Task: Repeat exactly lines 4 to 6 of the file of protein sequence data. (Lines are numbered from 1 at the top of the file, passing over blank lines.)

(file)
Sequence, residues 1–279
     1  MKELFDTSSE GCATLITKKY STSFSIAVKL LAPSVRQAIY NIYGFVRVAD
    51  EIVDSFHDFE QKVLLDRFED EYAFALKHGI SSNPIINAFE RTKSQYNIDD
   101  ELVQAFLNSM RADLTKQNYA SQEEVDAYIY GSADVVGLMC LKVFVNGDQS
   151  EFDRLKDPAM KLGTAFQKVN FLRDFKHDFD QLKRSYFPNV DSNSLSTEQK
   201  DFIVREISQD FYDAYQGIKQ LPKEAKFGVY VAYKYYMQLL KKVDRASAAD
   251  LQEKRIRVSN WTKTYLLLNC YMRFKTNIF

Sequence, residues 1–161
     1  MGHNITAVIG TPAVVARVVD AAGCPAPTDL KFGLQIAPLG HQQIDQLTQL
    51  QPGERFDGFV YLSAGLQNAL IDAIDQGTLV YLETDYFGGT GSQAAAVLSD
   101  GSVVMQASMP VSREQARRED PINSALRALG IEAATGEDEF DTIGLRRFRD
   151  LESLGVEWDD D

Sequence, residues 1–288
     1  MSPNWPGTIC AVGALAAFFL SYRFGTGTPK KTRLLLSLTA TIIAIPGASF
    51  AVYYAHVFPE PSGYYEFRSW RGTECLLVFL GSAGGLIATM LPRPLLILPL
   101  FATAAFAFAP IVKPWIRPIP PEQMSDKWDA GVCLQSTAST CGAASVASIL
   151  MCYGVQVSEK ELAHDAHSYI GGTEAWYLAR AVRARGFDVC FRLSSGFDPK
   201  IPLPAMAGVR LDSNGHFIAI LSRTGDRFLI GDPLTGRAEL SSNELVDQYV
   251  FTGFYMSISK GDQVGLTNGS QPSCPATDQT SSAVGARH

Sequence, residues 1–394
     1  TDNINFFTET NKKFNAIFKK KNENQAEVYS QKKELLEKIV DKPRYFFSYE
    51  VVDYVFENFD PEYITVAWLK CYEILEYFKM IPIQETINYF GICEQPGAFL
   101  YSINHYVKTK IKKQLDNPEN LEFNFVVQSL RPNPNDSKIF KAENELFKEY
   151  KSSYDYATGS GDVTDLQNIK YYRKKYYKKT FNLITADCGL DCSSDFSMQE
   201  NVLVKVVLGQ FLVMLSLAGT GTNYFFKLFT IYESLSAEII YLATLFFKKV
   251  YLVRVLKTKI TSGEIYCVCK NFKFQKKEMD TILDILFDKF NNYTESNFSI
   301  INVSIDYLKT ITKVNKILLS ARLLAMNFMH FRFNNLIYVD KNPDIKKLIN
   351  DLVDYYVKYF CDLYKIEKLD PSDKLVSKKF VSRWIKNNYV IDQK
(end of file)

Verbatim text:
   101  ELVQAFLNSM RADLTKQNYA SQEEVDAYIY GSADVVGLMC LKVFVNGDQS
   151  EFDRLKDPAM KLGTAFQKVN FLRDFKHDFD QLKRSYFPNV DSNSLSTEQK
   201  DFIVREISQD FYDAYQGIKQ LPKEAKFGVY VAYKYYMQLL KKVDRASAAD